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Japan, China in testy exchange over Tokyo's South China Sea remarks

From left, China's Foreign Minister Wang Yi, Japan's Foreign Minister Taro Kono and ASEAN Secretary-General Le Luong Minh walk after a family photo before the 18th ASEAN Plus Three Foreign Ministers Meeting, part of the 50th Association of Southeast Asian Nations Regional Forum meeting in Manila, Philippines, Monday, Aug. 7, 2017. Mohd Rasfan/Pool Photo via AP

MANILA, Philippines — Japan and China had a tension-filled meeting following Tokyo’s critical remarks at the East Asia Summit over Beijing’s island-building and military activities in the West Philippine Sea, an exchange confirmed by a Japanese government spokesperson.

Japanese media reported that the China Foreign Minister Wang Yi told his newly-appointed counterpart, Taro Kono, in a bilateral meeting: “Frankly speaking, we were disappointed to hear your comments.”

This statement was in reaction to the statement of Kono, Tokyo’s top diplomat, calling on China to respect the rule of international law regarding its military construction in the South China Sea, part of which Manila claims and calls the West Philippine Sea.

Kono said that Beijing should learn how to act as a big power, a statement that was confirmed by Toshihide Ando, a Japanese deputy press secretary.

“Responsible player? Something around that line, yeah,” Ando told Philstar.com after a media conference when asked to confirm this remark from Tokyo’s chief envoy.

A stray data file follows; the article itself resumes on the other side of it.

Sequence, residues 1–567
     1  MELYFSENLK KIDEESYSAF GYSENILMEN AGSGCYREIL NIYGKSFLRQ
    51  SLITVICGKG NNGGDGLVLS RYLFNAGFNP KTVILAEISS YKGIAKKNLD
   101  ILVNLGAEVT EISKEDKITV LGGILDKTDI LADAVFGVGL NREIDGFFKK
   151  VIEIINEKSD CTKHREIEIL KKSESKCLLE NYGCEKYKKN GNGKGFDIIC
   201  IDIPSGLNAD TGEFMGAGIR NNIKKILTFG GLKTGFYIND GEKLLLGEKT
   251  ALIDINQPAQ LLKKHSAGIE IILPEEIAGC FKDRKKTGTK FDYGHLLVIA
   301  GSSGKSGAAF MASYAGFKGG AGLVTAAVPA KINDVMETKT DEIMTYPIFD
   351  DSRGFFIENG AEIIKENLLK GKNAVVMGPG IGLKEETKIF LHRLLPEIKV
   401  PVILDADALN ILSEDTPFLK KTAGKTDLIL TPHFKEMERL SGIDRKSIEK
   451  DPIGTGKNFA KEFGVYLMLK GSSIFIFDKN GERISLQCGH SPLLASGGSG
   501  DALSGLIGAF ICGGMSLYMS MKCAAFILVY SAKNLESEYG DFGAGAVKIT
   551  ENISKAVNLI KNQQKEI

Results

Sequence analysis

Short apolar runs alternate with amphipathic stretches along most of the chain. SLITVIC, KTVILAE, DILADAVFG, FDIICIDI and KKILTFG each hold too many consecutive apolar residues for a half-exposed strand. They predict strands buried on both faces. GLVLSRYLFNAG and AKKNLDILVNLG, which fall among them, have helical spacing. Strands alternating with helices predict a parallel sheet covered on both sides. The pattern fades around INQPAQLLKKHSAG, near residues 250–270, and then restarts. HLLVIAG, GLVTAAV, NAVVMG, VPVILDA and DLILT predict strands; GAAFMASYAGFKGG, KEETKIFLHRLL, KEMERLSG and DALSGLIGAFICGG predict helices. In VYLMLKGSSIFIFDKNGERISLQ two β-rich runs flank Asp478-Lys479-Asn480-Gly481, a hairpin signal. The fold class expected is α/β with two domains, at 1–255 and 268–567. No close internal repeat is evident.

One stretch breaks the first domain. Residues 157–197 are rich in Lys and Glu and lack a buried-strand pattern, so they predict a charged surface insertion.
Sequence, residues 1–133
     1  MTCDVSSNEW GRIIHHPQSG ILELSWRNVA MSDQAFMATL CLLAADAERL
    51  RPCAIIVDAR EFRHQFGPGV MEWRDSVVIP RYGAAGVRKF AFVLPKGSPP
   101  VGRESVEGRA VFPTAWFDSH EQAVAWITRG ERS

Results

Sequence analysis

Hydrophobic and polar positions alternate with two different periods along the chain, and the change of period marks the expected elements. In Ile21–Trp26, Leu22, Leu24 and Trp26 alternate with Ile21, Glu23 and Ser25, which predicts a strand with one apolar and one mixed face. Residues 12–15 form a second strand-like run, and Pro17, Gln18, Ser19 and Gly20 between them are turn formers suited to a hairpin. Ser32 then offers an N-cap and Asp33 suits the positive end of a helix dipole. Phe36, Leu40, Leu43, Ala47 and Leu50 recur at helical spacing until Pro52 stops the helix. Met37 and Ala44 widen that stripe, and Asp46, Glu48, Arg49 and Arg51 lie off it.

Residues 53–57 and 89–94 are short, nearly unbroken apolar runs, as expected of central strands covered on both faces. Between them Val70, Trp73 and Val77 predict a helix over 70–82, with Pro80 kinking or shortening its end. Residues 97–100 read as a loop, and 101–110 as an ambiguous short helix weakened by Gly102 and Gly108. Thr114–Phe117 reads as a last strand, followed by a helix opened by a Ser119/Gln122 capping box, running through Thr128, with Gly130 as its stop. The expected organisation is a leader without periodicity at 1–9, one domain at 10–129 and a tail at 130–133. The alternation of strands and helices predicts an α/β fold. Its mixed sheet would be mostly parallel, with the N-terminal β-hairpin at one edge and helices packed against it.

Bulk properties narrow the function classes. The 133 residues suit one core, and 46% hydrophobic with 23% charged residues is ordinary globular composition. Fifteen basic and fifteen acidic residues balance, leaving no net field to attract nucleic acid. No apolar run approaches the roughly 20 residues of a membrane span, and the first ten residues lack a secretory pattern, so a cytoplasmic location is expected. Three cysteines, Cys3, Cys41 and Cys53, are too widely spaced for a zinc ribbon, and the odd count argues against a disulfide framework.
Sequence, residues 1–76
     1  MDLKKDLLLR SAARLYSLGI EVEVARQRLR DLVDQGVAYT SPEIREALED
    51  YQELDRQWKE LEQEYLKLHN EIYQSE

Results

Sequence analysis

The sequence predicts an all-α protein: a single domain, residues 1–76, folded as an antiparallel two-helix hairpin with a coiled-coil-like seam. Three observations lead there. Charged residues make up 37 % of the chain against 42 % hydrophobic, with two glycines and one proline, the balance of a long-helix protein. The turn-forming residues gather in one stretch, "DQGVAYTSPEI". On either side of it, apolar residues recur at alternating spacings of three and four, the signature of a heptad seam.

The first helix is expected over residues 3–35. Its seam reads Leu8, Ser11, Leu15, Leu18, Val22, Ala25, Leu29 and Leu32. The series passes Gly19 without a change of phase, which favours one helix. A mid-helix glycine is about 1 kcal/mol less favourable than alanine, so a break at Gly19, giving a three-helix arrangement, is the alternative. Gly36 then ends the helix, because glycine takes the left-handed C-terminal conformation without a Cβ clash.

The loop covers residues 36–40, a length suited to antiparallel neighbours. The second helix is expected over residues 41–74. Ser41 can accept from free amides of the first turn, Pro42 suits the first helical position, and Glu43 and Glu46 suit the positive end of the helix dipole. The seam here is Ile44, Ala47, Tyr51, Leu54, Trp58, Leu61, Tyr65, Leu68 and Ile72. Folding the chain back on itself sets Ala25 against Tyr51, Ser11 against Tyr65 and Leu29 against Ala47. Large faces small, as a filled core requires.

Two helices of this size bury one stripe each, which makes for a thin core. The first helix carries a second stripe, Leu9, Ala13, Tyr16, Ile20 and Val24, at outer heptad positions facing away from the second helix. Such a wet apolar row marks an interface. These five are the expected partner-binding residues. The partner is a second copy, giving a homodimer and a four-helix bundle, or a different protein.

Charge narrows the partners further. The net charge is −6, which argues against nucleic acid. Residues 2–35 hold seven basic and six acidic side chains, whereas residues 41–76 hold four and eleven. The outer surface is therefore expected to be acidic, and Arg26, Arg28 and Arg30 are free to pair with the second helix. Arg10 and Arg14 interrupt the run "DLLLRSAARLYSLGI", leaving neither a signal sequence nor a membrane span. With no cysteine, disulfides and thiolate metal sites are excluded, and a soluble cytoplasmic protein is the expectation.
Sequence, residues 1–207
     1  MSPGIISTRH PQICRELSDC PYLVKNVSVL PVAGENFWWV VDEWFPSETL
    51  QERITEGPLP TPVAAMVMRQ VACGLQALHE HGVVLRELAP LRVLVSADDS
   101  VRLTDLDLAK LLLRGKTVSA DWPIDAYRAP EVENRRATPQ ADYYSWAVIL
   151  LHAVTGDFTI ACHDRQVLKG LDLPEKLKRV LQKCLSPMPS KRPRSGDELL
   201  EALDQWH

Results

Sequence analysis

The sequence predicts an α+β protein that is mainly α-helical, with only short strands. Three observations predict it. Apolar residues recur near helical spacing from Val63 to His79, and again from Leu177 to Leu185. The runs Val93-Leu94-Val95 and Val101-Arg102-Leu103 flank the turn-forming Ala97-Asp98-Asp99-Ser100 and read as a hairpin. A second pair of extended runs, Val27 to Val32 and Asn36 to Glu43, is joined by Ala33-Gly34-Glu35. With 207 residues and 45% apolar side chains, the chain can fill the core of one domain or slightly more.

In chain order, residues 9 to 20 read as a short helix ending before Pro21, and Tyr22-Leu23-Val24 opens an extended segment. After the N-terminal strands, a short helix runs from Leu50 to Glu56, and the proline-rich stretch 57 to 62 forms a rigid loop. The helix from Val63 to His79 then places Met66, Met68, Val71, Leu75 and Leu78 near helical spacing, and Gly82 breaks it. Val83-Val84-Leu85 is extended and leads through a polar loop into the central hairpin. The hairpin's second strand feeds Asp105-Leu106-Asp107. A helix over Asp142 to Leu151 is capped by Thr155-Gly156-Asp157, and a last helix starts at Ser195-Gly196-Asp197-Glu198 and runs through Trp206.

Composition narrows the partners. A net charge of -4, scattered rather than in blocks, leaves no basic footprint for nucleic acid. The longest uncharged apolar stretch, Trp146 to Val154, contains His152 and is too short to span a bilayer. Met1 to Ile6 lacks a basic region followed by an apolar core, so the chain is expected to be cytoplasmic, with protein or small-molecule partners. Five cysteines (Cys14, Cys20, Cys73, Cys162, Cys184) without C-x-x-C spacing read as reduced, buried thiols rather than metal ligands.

Ando also confirmed that Wang told the official in apparent sarcasm that Japan was doing a good job saying statements that Washington wanted it to release.

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“Yes, he said that,” Ando said. “I think he was on camera.”

Japan and China had a “frank and candid” exchange of views during their bilateral meeting, according to Ando.

He said that having a relationship with Beijing is important despite the issues that the two sides should resolve. The spokesman however declined to specify these issues.

Japan, US, Australia issue strong statement

Japan, together with the US and Australia, issued a strong statement over the developments in the disputed sea.

In a joint statement after their trilateral meeting which was stronger that the communique released by the 10-member ASEAN, the three nations said that they were concerned over the developments in the region, through which $5 billion worth of trade passes each year.

Kono, US Secretary of State Rex Tillerson and Australian Foreign Minister Julie Bishop also called on Manila and Beijing to abide by the UN arbitral ruling which invalidated most of China’s expansive claim in the area.

China, based on supposed historical rights, claims almost 90 percent of the sea.

The three chief diplomats also stressed the importance of respecting freedom of navigation and overflight and other internationally lawful uses of the area.

“The ministers voiced their strong opposition to coercive unilateral actions that could alter the status quo and increase tensions,” they said.

The three countries added: “[T]he ministers urged SCS claimants to refrain from land reclamation, construction of outposts, militarization of disputed features, and undertaking unilateral actions that cause permanent physical change to the marine environment in areas pending delimitation.”

Japan said it treats the developments in the West Philippine Sea as a regional issue, which makes it an international concern.

“South China Sea is directly related to the peace and stability of the region,” he said.

“We hope that this issue will have a peaceful solution of the disputes [in accordance with] international law, UNCLOS,” Ando added, addressing Chinese condition that negotiations on the code of conduct be free of outside interference.

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